For a third-party reproduction specialist like myself, the sharp rise in surrogacy inquiries in the past year is gratifying. The demand for gestational carriers is so high it can hardly keep up with supply. Most of the intended parents who come to our clinic, however, want a vaccinated carrier — and therein lies the problem: A fair percentage of surrogates don’t want the COVID-19 vaccine.
With the Delta variant of COVID-19 spreading rapidly and showing no signs of slowing down, the human cost of remaining unvaccinated is greater than ever. We’ve seen that the variant is far more easily spread than previous strains, and for those who are unvaccinated and infected with the variant, hospitalization (or worse) is far more likely.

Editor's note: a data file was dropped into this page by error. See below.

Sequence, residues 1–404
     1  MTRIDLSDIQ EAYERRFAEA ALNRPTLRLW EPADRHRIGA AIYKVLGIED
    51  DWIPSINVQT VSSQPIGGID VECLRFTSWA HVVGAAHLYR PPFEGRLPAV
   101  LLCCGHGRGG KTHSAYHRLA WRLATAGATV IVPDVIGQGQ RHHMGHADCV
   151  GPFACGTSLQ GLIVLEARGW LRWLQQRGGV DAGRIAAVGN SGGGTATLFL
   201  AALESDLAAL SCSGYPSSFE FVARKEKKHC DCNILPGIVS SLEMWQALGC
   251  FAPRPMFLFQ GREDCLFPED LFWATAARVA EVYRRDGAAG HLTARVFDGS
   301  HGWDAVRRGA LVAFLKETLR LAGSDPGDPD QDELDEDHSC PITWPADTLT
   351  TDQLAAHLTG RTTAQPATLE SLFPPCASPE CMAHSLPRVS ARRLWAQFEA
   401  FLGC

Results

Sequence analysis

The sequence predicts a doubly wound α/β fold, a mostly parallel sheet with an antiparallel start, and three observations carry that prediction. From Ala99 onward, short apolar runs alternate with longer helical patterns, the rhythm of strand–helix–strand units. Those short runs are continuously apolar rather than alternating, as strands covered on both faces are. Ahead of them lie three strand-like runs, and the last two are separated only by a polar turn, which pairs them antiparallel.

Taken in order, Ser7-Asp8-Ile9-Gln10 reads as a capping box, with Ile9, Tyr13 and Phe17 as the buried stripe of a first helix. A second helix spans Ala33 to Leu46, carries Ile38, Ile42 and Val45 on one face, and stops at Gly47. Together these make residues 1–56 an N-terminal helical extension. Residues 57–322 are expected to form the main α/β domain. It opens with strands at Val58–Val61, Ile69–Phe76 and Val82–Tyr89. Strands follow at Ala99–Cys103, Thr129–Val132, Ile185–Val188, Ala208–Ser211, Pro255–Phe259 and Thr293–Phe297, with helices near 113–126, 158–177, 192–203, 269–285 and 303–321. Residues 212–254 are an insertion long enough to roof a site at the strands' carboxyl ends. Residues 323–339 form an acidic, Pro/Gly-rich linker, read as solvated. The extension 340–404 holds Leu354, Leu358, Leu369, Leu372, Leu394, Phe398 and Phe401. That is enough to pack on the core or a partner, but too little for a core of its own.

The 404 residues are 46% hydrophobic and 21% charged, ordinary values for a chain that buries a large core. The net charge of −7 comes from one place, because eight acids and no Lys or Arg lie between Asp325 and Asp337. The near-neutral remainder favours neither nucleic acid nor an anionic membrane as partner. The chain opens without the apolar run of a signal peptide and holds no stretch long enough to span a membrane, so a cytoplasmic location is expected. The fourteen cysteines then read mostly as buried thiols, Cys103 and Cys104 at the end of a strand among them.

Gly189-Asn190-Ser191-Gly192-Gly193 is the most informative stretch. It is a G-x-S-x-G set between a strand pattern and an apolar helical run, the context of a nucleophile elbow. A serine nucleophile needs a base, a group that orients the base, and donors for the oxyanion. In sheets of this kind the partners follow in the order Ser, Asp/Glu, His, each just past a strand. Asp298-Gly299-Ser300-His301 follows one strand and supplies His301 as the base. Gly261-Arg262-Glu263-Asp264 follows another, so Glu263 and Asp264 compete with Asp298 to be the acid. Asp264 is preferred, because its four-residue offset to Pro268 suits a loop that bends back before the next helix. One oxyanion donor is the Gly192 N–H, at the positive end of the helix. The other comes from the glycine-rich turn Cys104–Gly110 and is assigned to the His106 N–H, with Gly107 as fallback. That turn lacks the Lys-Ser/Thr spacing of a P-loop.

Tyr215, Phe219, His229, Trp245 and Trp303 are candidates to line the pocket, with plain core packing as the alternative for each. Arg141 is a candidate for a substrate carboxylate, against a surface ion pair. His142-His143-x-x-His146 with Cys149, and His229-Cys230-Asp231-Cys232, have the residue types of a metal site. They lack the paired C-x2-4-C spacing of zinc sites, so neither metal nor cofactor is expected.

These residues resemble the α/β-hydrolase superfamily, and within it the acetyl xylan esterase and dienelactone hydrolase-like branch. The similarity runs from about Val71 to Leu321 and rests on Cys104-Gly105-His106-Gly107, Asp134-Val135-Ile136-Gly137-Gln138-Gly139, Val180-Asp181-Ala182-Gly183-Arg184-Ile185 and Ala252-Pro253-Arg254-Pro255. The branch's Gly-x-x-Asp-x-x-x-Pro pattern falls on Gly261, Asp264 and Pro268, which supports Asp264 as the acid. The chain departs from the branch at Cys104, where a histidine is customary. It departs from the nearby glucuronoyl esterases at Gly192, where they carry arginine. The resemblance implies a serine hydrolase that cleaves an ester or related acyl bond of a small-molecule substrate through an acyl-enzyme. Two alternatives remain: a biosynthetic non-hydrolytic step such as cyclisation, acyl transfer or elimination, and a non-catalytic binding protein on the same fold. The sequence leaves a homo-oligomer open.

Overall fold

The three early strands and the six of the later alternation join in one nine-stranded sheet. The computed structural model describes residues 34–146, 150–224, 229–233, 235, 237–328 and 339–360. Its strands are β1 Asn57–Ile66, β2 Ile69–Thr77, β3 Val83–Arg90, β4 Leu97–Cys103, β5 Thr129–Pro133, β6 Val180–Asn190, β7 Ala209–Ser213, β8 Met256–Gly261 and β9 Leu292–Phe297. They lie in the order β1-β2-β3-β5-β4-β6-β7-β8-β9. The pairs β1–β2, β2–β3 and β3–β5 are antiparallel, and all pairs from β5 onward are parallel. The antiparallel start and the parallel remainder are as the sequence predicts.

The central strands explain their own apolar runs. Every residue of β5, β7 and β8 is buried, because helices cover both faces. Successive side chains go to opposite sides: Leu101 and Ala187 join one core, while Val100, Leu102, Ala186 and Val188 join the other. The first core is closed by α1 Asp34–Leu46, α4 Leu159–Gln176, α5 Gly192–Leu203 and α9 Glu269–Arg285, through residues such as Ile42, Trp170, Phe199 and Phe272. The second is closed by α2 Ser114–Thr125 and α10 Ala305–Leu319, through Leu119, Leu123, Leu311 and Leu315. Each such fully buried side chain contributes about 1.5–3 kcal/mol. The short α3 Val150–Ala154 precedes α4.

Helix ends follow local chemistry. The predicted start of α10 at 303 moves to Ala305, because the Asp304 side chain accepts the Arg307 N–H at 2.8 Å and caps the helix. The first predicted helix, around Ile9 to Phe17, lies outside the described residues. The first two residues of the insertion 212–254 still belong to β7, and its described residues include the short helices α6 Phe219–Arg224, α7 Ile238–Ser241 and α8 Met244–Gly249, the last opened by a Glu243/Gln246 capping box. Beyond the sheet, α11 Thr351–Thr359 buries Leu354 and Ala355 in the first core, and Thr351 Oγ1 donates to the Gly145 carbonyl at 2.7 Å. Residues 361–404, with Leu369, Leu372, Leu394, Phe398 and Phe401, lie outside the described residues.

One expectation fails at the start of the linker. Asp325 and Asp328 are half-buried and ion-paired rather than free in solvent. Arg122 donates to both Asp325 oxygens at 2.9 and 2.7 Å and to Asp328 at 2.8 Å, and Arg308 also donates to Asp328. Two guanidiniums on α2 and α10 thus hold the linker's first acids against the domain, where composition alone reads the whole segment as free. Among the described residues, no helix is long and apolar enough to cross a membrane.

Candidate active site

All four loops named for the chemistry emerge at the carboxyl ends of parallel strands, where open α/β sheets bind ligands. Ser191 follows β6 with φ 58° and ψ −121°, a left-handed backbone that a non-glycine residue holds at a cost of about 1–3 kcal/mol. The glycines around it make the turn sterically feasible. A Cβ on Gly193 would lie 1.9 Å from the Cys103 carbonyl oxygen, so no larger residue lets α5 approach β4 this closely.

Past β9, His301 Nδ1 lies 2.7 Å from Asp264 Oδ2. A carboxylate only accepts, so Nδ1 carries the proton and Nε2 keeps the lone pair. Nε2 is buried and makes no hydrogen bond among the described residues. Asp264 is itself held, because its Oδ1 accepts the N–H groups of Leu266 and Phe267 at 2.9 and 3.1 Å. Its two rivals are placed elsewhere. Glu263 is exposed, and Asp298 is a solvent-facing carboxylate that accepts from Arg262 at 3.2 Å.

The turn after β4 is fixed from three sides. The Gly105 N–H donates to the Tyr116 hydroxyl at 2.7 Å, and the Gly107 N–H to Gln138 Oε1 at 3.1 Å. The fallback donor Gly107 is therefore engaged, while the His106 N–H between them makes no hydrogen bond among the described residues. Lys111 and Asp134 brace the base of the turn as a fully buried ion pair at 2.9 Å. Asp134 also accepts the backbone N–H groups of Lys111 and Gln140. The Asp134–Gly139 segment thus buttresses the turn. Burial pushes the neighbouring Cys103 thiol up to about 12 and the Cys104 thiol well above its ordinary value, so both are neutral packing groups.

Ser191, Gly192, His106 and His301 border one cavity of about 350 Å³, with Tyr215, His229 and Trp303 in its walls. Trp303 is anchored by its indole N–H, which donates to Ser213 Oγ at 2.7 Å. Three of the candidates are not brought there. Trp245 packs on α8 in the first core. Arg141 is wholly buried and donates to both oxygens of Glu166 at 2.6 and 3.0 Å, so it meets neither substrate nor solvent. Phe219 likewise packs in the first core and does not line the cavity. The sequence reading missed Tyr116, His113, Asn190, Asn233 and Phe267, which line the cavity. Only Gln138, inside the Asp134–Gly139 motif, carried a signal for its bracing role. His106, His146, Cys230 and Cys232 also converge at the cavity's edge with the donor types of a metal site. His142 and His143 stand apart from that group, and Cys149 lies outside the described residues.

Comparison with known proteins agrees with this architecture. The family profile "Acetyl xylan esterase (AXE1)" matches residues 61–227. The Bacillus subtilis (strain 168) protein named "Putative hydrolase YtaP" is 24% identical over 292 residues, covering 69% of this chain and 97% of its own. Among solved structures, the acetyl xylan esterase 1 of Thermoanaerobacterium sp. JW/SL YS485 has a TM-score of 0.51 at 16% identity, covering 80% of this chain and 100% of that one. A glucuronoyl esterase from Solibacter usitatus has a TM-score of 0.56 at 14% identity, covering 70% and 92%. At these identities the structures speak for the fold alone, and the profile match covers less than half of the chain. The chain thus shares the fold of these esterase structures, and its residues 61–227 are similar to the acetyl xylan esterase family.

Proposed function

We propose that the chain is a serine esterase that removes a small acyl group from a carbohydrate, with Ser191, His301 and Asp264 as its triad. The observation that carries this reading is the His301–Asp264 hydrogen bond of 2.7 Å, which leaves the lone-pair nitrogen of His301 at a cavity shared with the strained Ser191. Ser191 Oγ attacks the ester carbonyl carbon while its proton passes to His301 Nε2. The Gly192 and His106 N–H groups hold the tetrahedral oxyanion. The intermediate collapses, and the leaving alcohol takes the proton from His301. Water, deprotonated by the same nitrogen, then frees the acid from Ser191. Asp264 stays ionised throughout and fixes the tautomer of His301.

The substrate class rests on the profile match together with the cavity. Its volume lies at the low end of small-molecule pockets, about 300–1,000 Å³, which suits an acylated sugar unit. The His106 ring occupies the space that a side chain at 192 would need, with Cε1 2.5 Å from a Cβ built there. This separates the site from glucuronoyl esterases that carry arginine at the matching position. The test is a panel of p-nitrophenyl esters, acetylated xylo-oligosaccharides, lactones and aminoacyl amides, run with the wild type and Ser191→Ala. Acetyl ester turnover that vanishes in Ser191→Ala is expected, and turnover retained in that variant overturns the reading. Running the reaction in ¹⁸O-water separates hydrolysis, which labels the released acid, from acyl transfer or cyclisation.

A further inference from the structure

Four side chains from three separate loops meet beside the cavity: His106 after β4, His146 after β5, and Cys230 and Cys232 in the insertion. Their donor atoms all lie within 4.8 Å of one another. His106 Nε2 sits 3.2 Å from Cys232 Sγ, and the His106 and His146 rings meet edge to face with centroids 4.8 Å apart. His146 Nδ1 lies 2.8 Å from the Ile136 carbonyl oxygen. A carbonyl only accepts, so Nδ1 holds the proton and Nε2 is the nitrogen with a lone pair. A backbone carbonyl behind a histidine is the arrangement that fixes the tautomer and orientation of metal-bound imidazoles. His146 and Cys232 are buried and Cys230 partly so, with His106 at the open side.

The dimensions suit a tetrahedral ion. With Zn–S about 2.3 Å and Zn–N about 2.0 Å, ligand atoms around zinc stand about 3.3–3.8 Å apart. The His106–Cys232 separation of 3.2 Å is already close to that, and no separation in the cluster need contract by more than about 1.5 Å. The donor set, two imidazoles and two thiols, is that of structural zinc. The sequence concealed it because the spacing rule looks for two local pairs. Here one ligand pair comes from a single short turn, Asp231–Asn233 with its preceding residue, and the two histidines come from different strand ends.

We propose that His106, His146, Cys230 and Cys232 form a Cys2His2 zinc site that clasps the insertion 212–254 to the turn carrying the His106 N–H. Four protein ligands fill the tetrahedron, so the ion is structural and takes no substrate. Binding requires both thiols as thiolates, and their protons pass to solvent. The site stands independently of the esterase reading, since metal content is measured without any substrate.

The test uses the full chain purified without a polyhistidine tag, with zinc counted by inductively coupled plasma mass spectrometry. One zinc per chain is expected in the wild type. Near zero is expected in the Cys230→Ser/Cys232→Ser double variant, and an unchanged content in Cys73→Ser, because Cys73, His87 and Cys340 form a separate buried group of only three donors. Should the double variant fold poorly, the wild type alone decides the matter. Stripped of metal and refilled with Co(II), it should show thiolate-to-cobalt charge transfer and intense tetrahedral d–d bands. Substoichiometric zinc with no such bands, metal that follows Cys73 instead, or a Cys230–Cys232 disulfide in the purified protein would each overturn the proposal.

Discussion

Unfortunately, the news becomes even more dire: Without curbing the current rate of infection, we could soon be looking at a vaccine-resistant strain of COVID. According to Dr. Vaughn Cooper from the American Society for Microbiology, “The more infections, the more chance that mutations will occur.”
Fortunately, the CDC has now released data to support the safety of COVID-19 vaccines in pregnant people and is recommending that everyone over the age of 12 get vaccinated against COVID-19. In spite of such compelling evidence, it’s clear from speaking daily with surrogates (and hearing the stories from surrogacy agencies) that vaccine hesitation is fueled by misinformation. Whether you’re an intended parent or a surrogate yourself, you should have a few facts:
It’s only natural that anyone looking to carry a pregnancy or planning to become a parent through surrogacy would want to be careful. But we now have evidence to support the safety of the vaccine. Studies are ongoing but thus far there’s no indication, in human or animal studies, that the vaccine can cause pregnancy complications or birth defects.
Acceptance of the vaccine isn’t just about the availability of gestational carriers; it’s about the health of your community and the world around you.